Durable goods orders surge in July, spurred by transportation equipment
Durable goods orders jumped 11.2% in July, after an upwardly revised 7.7% rise in June, first reported as a 7.6% gain, the Commerce Department said Wednesday.
Transportation equipment orders, which surged 35.6%, were a major factor in the rise in overall orders.
Excluding transportation, orders rose 2.4% in the month.
Economists polled by IFR Markets estimated orders would rise 4.2% and climb 2.1% excluding transportation orders.
Core capital goods, which is a harbinger of business investment plans rose a 1.9% in the month after a 4.3% climb in June.
Scott Anderson, chief economist at Bank of the West said the July numbers “suggests manufacturing activity will continue to support economic growth over the near term.”
Concerns over financial stability
Anderson also stated his concern for the stability of the U.S. financial system, exacerbated by the Federal Open Market Committee’s use of the word "notable" to describe vulnerabilities in the system, as revealed in the minutes of its July meeting.
“For the normally understated Fed, using the word ‘notable’ to describe financial vulnerabilities is equivalent to a fire station ringing the alarm bells on a five-alarm fire in the middle of the night,” he wrote. “Without significant further economic improvement backed by full-throated government stimulus, I fear the leverage, insolvency and default problems will soon begin to break the surface of the calm financial waters investors have been sailing in.”
Congress' failure to agree on more stimulus, adds to the risk. “The delay and downsizing of the next Federal fiscal rescue package not only puts the unemployed at risk, but the stability of our entire financial system that appears more vulnerable today than it was when this pandemic began.”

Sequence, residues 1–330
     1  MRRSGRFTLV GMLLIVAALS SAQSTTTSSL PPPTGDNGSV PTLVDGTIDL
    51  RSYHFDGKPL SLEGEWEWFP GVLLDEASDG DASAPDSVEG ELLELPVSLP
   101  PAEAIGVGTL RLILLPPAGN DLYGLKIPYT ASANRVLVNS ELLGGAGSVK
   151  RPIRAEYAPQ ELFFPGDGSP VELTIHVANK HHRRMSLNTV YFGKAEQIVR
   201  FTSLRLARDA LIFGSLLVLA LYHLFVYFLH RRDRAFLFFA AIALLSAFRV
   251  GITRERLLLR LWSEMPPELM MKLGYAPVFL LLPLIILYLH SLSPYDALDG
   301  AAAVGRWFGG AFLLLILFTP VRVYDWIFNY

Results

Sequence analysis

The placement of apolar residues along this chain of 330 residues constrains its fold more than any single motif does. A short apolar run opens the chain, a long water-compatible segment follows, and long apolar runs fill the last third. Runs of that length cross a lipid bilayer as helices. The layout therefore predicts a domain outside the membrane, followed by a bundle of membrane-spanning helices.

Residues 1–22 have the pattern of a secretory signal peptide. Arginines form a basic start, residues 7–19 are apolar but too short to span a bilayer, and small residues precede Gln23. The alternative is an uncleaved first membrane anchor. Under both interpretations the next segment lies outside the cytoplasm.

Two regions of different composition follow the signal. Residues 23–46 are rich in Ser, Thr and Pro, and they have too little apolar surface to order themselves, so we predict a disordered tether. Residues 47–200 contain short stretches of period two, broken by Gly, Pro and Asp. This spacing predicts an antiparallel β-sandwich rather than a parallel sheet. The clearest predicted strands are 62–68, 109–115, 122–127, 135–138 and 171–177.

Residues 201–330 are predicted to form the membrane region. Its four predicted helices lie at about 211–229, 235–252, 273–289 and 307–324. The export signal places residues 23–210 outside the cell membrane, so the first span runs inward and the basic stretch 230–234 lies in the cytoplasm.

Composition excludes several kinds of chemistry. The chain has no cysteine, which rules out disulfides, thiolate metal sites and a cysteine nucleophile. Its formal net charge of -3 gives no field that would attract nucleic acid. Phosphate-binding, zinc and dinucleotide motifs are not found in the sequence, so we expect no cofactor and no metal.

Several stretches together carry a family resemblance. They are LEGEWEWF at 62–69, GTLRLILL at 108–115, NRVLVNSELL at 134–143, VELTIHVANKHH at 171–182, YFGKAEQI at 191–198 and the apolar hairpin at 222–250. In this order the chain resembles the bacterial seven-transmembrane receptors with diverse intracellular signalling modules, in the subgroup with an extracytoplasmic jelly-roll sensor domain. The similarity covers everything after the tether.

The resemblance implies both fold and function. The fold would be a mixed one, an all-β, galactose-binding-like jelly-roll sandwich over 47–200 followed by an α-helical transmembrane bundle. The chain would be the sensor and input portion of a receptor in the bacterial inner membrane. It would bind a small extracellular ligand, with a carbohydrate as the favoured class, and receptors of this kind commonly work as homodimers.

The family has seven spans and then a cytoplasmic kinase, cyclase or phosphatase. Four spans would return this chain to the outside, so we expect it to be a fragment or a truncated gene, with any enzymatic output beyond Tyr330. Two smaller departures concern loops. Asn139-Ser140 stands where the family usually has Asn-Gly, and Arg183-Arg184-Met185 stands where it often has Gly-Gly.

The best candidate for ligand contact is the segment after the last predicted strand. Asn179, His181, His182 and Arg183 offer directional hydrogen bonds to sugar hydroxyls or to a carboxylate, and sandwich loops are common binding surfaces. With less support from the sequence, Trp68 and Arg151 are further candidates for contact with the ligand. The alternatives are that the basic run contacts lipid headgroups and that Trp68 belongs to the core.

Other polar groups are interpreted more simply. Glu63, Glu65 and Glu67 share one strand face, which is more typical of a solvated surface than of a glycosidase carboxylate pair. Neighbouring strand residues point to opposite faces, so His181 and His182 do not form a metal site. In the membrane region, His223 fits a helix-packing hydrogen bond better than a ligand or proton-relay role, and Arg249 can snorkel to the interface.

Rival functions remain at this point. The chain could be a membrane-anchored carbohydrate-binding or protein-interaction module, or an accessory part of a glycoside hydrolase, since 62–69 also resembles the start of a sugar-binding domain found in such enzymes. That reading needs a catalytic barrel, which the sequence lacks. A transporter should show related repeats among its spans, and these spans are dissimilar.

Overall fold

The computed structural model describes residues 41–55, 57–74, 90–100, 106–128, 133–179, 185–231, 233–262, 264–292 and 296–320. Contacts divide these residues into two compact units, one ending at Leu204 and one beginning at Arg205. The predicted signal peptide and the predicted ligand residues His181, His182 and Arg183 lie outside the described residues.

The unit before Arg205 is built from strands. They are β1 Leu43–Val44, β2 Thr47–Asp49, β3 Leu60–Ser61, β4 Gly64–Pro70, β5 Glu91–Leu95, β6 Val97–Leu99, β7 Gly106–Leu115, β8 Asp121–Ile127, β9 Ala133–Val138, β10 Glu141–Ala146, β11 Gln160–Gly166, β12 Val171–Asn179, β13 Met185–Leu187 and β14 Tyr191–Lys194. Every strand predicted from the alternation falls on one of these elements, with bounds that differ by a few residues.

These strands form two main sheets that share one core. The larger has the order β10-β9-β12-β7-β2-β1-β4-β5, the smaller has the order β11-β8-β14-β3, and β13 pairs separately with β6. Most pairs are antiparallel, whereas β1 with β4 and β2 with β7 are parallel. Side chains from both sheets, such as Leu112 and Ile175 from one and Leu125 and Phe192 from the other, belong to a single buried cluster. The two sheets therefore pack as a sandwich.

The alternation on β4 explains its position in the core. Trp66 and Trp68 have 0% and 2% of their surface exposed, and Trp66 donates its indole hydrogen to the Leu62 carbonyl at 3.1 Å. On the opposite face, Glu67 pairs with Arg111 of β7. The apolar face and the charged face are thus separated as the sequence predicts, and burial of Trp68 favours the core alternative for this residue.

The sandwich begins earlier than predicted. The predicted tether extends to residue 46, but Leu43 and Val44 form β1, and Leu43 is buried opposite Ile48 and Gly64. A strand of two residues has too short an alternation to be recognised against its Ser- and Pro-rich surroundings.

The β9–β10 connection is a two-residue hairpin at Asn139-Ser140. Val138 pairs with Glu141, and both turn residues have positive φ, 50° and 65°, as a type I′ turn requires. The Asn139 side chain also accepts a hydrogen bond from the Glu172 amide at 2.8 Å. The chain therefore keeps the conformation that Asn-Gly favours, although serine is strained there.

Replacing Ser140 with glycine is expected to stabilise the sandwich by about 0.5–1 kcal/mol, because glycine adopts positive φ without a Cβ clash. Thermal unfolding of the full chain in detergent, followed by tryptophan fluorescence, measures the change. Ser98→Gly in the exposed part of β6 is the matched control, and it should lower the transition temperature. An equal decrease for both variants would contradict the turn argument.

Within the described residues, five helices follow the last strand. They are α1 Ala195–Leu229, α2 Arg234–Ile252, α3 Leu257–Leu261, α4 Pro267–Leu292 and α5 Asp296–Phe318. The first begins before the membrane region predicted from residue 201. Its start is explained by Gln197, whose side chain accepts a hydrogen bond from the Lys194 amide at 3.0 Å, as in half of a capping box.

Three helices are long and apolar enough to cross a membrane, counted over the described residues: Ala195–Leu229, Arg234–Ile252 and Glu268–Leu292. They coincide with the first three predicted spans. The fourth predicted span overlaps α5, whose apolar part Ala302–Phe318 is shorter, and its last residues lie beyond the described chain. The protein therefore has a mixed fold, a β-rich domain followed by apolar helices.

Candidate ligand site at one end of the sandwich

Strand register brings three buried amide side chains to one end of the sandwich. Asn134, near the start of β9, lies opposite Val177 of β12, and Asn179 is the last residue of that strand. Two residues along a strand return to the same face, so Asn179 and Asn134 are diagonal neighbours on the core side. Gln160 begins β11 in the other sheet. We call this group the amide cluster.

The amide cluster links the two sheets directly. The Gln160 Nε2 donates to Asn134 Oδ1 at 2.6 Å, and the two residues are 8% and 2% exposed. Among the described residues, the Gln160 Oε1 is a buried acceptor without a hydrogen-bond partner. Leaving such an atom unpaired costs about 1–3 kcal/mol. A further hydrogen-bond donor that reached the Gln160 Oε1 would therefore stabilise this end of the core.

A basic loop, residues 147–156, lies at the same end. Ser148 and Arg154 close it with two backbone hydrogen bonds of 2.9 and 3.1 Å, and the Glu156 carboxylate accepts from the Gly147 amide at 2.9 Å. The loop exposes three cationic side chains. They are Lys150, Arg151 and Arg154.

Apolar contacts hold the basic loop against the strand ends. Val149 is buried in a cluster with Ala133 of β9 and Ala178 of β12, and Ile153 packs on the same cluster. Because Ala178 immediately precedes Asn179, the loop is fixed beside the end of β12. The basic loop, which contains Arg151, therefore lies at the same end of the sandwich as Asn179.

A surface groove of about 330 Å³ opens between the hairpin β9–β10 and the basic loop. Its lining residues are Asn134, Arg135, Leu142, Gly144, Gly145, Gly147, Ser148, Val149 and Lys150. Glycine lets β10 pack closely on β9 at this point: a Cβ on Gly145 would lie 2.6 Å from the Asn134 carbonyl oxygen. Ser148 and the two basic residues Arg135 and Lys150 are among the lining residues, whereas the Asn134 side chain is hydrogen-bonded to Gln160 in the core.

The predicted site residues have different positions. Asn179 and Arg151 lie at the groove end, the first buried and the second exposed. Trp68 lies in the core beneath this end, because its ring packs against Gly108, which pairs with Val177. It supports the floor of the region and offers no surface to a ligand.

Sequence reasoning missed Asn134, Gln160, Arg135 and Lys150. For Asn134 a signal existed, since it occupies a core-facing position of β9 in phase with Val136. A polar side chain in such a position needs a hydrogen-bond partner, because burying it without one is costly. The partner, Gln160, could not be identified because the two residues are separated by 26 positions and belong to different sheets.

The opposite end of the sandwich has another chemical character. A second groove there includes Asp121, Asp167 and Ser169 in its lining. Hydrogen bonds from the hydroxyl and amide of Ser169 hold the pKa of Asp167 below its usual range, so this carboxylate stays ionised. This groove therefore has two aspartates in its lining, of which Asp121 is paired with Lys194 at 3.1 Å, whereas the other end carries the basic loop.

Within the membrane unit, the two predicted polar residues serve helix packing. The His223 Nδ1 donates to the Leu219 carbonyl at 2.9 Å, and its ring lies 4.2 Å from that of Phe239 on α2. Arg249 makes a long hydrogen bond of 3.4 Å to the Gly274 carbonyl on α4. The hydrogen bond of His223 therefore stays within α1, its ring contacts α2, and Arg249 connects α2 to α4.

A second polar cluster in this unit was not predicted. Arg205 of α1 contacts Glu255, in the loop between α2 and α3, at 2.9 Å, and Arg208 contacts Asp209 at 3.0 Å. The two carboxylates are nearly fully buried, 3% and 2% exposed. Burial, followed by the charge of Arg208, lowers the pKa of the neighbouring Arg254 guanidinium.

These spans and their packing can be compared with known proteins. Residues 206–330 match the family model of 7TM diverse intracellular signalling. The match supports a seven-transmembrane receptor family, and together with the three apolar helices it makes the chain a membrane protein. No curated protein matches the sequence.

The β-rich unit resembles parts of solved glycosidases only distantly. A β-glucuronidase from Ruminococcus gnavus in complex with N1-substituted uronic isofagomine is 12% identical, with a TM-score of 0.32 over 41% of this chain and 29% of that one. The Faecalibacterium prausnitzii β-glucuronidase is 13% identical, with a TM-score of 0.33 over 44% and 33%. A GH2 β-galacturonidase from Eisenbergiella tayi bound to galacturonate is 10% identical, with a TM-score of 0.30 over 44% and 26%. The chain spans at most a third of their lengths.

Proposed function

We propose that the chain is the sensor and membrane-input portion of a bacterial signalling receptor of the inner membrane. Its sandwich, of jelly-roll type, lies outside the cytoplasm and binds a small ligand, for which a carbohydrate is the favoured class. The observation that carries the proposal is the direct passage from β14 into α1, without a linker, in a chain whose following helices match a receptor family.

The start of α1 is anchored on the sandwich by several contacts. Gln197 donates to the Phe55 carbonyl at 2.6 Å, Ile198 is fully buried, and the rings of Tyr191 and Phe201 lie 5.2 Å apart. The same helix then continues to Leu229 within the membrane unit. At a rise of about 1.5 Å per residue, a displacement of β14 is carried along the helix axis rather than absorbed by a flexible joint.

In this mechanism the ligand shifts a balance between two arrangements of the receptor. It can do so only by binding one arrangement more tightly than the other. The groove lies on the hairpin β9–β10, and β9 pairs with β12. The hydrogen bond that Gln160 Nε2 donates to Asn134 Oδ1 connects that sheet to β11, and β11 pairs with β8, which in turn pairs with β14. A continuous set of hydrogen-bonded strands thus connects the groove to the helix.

The minutes suggest several "FOMC participants commented on various potential risks to financial stability, especially if one of the more adverse scenarios regarding the spread of the virus and its effects on economic activity was realized," Anderson noted. "Nonfinancial corporations carried high levels of indebtedness going into the pandemic, increasing their risk of insolvency."
Craig Kirsner, president of Stuart Estate Planning Wealth Advisors, remains “very concerned” about the financial vulnerabilities of the U.S. financial system.
“Heading into the current economic collapse, Americans had taken on record amounts of auto loans, credit-card debt and student loan, as well as corporate debt also reaching record levels,” he said. "So banks are setting aside a lot of money for potential future losses. Just recently the five largest banks announced their plans to set aside $35 billion to prepare for what could be a wave of future loan defaults.”
And, that didn't end well in the past. “We've seen this movie before: Sky-high real estate prices, sky-high stock market prices and the Fed raising then lowering interest rates and we know how this movie is going to end we just don't know when,” he said. “I am calling the current bubble the Central Bankers Bubble. I do believe this new bubble the Fed created will burst which will be a very challenging time. I am a retirement planner for mostly retired millionaires, so if my time horizon was shorter I'd be very concerned about being a very aggressive investor.”
Elsewhere, Federal Reserve Board Gov. Michelle Bowman, reiterated the Fed would do all in its power to back the economic recovery. She told the Kansas bankers Association, "While the road ahead is highly uncertain, and we don’t yet know when the economy will return to its previous strength, America will recover from this crisis, as it has from all of our past challenges."
Strong economic fundamentals and a "solid foundation of the entrepreneurial spirit and resiliency of the American people" provide a basis for recovery." Meanwhile, the Fed "will continue to monitor progress and respond promptly and flexibly to support the recovery."